Tuesday 17th July; 9.30am – 12.00pm
Hosted by Slaughter and May; Central London
How to encourage individuals to be open about their disability is one of the most commonly asked questions from employers; the other being how to attract disabled applicants. And judging from the turnout at this workshop, it is still a hot topic, with MyPlus having the biggest turnout at an event ever!
As always the workshop was led by Helen Cooke, Director of MyPlus, and was aimed at building the delegates’ knowledge about openness, often referred to as disclosure; including the benefits of being open, the concerns that individuals have and how to encourage individuals to be open from the start. The interactive style of the event encouraged interesting discussions, observations and questions.
Delegates were first asked what they perceived the benefits of being open to be, for both the employer and the individual. As Helen said, it’s far too common for employers to only think about it from their point of view however, unless employers think about what the benefits are to the individual, it is unlikely they will encourage an open and honest relationship. Benefits for the employer were numerous including being able to provide adjustments and measuring ROI, whilst the list for the individual was equally long including gaining the support they required, drawing on their disability to demonstrate required competencies and having an honest relationship from the off.
Helen then moved on to ask the delegates why they thought individuals were so reluctant to be open not least that unless employers understand this, they can’t address the concerns and encourage openness going forward. The list included concerns such as discrimination, being seen as a nuisance, being treated differently to others, not knowing how the information will be used or with whom it will be shared and asking for adjustments that cost money.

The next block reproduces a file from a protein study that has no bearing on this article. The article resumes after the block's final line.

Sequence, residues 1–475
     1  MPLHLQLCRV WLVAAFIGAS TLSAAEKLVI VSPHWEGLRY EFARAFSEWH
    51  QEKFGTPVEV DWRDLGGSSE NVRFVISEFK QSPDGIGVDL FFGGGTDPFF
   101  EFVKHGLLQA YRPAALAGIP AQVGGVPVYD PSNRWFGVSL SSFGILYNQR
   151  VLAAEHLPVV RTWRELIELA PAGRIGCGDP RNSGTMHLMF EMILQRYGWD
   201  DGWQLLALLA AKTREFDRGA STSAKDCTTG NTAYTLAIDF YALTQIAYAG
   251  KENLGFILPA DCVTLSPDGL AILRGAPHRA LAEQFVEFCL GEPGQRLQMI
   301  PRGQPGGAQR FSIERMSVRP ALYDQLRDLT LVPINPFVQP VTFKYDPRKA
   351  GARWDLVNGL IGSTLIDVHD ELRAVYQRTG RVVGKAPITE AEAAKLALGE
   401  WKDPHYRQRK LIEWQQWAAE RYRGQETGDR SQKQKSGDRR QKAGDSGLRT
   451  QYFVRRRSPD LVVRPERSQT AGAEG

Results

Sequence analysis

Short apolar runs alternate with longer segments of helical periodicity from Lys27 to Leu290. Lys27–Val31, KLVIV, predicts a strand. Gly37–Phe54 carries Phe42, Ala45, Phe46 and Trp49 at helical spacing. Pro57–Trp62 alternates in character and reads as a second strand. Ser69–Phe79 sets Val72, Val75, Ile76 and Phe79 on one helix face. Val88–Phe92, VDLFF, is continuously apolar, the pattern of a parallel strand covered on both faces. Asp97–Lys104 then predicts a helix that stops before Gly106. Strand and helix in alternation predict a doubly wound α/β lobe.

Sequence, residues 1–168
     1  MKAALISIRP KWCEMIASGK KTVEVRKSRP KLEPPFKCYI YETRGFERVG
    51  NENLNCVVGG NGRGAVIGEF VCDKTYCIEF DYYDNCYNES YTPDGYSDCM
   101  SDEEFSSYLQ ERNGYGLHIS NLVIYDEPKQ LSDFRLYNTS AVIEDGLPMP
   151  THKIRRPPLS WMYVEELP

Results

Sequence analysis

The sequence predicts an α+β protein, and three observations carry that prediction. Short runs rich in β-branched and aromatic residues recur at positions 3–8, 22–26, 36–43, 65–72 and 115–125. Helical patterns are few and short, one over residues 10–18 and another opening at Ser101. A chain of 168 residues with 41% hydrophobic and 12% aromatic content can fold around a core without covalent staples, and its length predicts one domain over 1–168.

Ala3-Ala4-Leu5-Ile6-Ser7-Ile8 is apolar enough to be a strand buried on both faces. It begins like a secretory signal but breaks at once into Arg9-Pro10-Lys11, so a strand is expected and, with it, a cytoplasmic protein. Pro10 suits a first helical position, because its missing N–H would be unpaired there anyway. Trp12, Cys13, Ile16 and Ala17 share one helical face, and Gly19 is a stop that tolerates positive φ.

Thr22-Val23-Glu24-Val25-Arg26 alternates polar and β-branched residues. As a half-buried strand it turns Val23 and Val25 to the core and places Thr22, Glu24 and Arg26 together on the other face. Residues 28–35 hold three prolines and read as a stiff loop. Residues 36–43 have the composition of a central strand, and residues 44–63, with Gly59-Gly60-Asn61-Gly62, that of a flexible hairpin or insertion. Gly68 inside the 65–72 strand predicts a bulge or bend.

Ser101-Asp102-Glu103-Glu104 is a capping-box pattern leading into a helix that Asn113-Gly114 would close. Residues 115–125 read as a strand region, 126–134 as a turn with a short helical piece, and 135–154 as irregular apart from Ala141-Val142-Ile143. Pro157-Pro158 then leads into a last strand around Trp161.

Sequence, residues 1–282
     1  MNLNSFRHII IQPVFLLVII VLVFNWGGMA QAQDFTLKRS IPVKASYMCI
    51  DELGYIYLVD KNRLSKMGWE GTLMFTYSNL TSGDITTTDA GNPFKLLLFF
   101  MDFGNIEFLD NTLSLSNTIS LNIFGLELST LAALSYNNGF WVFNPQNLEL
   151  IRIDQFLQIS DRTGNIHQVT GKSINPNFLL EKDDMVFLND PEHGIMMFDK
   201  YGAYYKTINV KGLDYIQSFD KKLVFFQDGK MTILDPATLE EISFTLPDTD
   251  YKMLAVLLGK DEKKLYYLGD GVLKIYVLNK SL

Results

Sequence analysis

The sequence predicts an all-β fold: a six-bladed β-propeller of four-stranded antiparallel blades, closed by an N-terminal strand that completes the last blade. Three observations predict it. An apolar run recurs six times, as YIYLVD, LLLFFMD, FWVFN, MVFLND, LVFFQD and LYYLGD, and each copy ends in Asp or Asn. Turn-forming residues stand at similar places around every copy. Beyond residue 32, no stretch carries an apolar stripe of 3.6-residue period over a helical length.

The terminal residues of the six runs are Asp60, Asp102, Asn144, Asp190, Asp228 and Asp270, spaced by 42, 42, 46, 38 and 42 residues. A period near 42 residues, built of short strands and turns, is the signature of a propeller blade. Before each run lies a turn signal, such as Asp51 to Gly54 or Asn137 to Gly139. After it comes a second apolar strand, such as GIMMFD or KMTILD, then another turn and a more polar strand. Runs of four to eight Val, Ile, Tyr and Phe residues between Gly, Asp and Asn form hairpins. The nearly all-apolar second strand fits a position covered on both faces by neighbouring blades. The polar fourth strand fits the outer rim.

The subject was really brought to life by 4 undergraduates who talked from personal experience about their concerns and what they thought employers could do to encourage them to be open. Their concerns included being seen as in some way ‘lesser’ than those who don’t have a disability and how their disability is perceived by employers. Lois also talked about her parents advising her not to be open and finding it hard to push back against this. In terms of what employers could do to encourage openness from the off, it was simple: provide details of who to talk to on your website or your MyPlus Students’ Club profile and also provide space on the application form where you can detail support required.
During the final part of the workshops, delegates considered how they could address the concerns they had highlighted and encourage individuals to be open. There is no single thing; employers instead need to do a number of things including providing information on their website about:
· The importance of disability to them as an organisation
· The benefits of being open, and the consequences of not
· How the information will be used
· Confidentiality of information provided
Helen also emphasised the importance of providing role models / case studies to really highlight the benefits of being open and the support that can be provided as a consequence.
Our thanks go to Slaughter and May for hosting this event, and for their generous hospitality.
Our next MyPlus Recruiters’ Club event on the 12th September is a Disability Café which will focus on Mental Health. For more information on this event and other forthcoming Recruiters’ Club events have a look at our events page www.myplusconsulting.com/events